Voice banking service helps people live with motor neurone disease

17th March 2021

Pioneering technology to help people retain their voice despite the ravages of motor neurone disease (MND) is being made permanently available in Dorset.

Over the last couple of years, Dorset HealthCare’s Speech and Language Therapy Team has trialled a ‘voice banking’ service, funded by the East Dorset and New Forest branch of the Motor Neurone Disease Association.

This offered MND patients the chance to record hundreds of words and phrases which they can use to communicate in the event of losing their voice as the illness progresses.

And it has proved such a hit, used by more than 40 people, the Trust has now provided funding to make the service permanent.

Dorset is one of the few areas in the country to offer this service. Poole resident and service user Annie Allen, who has lost her ability to speak, said:

“My husband and son find it a great comfort to still be able to hear my voice. I would urge anyone with MND, or any kind of degenerative speech issues, to bank their voice – and do it as soon as possible.

“If I had left mine any longer, it may have been too late. Even if you do not ever need to use your bank voice, at least you will have it immortalised for your loved ones.”

On average, 50 to 60 people are diagnosed with MND each year in Dorset. More than 80 per cent of them will develop communication problems, with many losing their voices altogether.

However, the voice banking service gives people to chance to preserve their speech on a computer. They are provided with a laptop and headset and, over the course of a few weeks, are asked to record around 350 sentences. Advances in technology now mean it is possible to create a voice with just 50 sentences, with some voice banking services able to create a synthetic voice with just 3 minutes of recording.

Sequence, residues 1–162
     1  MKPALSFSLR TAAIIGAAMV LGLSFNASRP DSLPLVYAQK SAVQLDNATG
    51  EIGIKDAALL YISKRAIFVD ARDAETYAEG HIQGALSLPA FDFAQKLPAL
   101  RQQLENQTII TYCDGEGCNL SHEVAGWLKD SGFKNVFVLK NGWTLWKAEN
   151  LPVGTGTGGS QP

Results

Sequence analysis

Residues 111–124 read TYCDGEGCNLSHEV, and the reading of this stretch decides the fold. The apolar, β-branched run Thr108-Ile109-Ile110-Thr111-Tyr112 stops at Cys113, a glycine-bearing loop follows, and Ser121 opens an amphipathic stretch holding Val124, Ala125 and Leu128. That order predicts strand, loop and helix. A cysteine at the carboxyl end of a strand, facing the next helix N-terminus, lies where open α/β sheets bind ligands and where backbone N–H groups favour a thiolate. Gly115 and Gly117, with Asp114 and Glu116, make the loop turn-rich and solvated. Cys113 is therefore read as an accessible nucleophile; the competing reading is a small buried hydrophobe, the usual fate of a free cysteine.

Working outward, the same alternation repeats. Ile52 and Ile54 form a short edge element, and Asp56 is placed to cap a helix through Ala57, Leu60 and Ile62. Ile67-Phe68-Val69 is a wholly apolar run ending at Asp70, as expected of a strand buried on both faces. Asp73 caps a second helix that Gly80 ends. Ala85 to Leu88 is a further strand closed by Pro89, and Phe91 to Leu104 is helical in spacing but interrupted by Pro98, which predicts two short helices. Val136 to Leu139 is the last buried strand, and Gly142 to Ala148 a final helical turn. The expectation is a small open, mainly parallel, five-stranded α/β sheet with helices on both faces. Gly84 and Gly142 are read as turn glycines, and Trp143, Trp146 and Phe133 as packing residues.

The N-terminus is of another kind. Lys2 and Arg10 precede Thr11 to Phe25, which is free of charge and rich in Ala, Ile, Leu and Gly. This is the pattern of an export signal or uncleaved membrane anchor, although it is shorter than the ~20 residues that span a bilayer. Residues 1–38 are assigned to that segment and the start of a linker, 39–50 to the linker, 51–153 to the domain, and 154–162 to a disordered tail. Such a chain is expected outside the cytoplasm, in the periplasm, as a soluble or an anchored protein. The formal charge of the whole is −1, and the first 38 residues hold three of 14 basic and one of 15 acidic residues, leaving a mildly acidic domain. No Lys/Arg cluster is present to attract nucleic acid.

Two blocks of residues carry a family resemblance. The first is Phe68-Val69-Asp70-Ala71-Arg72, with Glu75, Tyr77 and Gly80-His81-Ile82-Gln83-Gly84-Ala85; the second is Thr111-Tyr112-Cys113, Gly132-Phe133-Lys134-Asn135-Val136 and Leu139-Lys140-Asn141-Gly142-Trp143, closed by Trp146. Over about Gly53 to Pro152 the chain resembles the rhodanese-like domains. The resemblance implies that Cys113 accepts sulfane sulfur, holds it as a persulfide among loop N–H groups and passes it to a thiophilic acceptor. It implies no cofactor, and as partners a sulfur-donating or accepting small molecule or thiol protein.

And, if a person’s speech does deteriorate over time, these recordings can be used to vocalise almost anything they type into their computer – allowing them to hold conversations in their own voice.

Matthew Hollis, Communications Aids Co-ordinator for the MND Association, said:

 “A person’s voice is a fundamental part of them and voice banking allows them to retain this part of their individuality, if and when the progression of their disease means they lose the ability to speak.

“Having individual support to help with the process of voice banking is a real confidence boost, and having people championing the service is so valuable in terms of awareness. The Dorset service is a great demonstration of how a local scheme can ensure timely and efficient support for people with MND.”

A short film outlining how the voice banking service works, and the positive impact it had for some local people with MND, can be seen at https://bit.ly/3rOcug0

Luisa Mellish, Speech and Language Therapy service manager for Dorset HealthCare, added:

“We are delighted to provide this service. Technology has moved on so much in recent years – recordings are more accurate, and it is much quicker for people to do the ‘banking’.

“We can also offer additional functions such as message banking, which allows users to record any number of common or meaningful phrases they use on a regular basis. And the service can help people with other degenerative conditions which could affect their voice, not just MND.”

To find out more, go to: www.dorsethealthcare.nhs.uk/adult-speech-and-language-therapy



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